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WHSP ordered to pay $1.1 million in damages for termination

Victoria Quayle ||

A recent Supreme Court decision highlighted the importance for employers to pay terminated employees their full entitlements including payment in lieu of the notice period and any incentives/bonuses. The case hinged on whether the parties were bound by an old contract or whether the new contract which was unsigned applied which would determine the notice period owed to the employee.

Roderick v Washington H Soul Pattinson & Company Limited (No 2) [2020] NSWSC 1224 (10 September 2020)


Washington H Soul Pattinson & Company Limited (‘WHSP’) was ordered to pay $1.1 million in damages for terminating Melinda Roderick (‘Roderick’), the company’s executive director, without warning.

Roderick was employed between 2006 up until 12 April 2018 when she was terminated without notice. Initially employed as the Chief Financial Director, Roderick was then appointed as the Finance Director in 2014. Notably, Roderick was the only female on the board and was the second most senior employee.

Roderick’s terms and conditions of employment were originally set out in the 2006 letter (“the original contract”). When Roderick became the Finance Director, a draft new employment contract was made in 2015 but was never signed.

WHSP paid in lieu of notice three months’ salary in July 2018 as the original contract stipulated that three months’ notice be given.

Roderick claimed damages including:

  • payment of her salary in respect of the period of notice that she says should have been afforded to her, being 24 months;
  • payment of an amount representing her alleged entitlements under a long term incentive plan; and,
  • payment of an amount representing her alleged entitlements under a short-term incentive scheme.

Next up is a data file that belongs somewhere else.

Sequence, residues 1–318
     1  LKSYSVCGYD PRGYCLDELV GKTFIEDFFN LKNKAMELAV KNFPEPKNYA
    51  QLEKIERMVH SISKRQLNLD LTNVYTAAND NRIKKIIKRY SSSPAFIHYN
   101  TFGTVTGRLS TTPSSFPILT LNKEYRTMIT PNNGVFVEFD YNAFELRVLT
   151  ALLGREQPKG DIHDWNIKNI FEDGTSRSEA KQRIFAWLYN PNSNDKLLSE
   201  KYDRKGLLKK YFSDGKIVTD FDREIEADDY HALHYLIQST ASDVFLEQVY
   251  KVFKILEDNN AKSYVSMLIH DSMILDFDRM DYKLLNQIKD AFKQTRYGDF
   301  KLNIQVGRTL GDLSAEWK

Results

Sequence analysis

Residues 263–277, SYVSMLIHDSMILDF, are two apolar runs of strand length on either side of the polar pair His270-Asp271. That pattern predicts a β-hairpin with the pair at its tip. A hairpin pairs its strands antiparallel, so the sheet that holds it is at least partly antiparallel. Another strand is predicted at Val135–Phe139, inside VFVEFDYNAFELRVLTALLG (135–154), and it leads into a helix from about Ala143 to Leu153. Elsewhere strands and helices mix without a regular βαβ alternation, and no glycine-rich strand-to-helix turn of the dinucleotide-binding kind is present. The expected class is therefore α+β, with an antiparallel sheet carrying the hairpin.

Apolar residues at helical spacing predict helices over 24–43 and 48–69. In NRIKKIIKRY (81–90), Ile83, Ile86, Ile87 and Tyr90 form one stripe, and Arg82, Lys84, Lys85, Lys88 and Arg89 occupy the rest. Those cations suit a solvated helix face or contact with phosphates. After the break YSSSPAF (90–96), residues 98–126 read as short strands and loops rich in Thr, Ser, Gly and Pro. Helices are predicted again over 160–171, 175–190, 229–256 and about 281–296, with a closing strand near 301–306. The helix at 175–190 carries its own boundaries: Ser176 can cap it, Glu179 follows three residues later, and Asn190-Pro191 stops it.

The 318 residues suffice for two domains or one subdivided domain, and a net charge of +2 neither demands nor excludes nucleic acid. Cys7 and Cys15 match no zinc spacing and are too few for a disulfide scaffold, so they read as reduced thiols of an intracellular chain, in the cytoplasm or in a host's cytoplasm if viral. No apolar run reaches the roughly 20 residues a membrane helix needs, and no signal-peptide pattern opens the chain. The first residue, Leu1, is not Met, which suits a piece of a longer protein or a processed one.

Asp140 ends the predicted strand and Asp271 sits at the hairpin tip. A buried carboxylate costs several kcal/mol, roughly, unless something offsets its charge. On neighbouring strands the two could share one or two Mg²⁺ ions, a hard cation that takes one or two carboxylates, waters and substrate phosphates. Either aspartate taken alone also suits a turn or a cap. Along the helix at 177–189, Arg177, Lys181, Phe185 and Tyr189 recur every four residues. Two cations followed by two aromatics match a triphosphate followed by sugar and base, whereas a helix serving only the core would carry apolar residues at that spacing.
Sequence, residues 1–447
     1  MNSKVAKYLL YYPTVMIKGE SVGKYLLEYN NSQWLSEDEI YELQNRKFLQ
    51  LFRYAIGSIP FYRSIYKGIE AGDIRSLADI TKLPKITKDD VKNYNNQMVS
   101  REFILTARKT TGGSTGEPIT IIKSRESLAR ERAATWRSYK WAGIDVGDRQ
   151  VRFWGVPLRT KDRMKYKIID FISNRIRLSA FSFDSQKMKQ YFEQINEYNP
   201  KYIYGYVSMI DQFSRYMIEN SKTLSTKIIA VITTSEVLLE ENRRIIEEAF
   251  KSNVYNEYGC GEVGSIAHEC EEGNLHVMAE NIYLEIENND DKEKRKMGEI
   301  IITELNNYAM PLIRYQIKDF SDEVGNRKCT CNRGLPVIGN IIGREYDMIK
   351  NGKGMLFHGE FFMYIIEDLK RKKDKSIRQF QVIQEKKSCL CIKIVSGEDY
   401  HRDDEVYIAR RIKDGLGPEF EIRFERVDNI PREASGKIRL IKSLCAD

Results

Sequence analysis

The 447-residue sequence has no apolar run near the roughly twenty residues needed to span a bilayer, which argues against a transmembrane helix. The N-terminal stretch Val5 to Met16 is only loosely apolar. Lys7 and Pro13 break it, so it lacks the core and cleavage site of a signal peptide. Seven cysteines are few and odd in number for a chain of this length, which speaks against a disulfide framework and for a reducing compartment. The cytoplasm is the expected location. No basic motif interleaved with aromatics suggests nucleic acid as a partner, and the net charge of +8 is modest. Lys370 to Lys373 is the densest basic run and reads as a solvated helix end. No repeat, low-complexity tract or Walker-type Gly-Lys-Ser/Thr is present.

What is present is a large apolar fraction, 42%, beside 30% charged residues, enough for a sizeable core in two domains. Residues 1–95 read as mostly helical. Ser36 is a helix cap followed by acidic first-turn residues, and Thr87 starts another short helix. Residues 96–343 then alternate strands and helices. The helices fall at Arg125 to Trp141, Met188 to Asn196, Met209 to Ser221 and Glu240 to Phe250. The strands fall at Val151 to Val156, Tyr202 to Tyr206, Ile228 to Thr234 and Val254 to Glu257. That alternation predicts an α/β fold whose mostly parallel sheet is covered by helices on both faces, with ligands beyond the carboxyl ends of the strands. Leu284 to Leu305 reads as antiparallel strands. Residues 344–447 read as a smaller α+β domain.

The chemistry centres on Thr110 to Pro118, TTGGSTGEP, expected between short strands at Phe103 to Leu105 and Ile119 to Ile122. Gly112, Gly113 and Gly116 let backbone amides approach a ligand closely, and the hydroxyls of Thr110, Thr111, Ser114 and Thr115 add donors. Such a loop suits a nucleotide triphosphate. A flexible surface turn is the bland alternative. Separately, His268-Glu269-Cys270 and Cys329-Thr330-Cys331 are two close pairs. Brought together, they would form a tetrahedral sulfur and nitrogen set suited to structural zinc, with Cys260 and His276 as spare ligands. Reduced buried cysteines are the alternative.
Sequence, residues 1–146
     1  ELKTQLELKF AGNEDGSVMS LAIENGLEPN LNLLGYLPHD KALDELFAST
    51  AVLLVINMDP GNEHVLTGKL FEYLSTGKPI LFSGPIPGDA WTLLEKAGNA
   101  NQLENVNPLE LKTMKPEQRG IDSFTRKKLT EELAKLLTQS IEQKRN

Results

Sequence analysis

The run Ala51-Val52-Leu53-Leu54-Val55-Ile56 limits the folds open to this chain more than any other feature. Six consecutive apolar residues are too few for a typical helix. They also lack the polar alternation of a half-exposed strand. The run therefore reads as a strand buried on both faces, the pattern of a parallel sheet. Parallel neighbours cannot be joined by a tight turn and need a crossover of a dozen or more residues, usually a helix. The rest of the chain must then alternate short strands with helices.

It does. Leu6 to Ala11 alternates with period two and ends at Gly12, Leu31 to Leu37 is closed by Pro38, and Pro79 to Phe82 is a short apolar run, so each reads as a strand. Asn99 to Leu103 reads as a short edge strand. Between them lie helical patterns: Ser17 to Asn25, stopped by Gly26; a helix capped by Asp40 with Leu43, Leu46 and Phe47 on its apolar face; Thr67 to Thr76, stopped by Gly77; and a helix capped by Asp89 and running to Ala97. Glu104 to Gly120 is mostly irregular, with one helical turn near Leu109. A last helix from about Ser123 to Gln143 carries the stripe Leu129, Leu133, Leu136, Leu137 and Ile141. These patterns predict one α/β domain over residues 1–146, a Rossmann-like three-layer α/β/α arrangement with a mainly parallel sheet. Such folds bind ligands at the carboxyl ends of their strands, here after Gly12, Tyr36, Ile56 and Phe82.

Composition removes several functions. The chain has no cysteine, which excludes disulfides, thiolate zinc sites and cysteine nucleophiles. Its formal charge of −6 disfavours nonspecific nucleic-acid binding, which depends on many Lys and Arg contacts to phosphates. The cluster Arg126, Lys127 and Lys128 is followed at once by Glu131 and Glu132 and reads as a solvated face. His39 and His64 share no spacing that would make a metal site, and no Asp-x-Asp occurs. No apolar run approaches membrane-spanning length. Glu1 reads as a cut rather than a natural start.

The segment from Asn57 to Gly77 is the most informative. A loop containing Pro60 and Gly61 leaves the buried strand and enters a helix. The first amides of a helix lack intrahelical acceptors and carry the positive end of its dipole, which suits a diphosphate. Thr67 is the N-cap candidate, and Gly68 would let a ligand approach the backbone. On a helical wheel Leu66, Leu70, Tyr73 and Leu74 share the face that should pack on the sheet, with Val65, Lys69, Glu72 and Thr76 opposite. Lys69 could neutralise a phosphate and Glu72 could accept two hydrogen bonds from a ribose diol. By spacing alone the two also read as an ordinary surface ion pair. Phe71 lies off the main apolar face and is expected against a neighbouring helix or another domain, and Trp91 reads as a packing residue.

The key issues surrounding this case included:

  • whether the original 2006 contract containing the express term of three months’ notice applies;
  • where the new unsigned contract applied, what is the implied period of notice;
  • the notice period Roderick should have been given and determining what her entitlements are including any short term and long-term incentives; and,
  • the reason for termination.


Original Contract v Unsigned Contract

WHSP argued that they were bound by the original contract. Roderick submits that when she became the Finance Director, the original contract was discharged. The Court noted that there was a significant change in her role in that the original contract could not have appropriately been applied in the circumstances especially where the original contract did not contain a term specifying that it would remain in force even if the duties are altered. Roderick’s responsibilities significantly increased in which she became director of 12 companies.

Despite the contract being unsigned, the Court found that the intention was for her previous contract to be discharged and for the parties to be bound by the new contract. Therefore, the terms and conditions of the unsigned contract applies.

Implied Notice and Bonus

WHSP argued that they are bound by the original contract which contained an express term that there be a three-month notice period. As they did not give three months’ notice as per the original contract, WHSP subsequently paid an amount in lieu for the three months and therefore argued they were not in breach.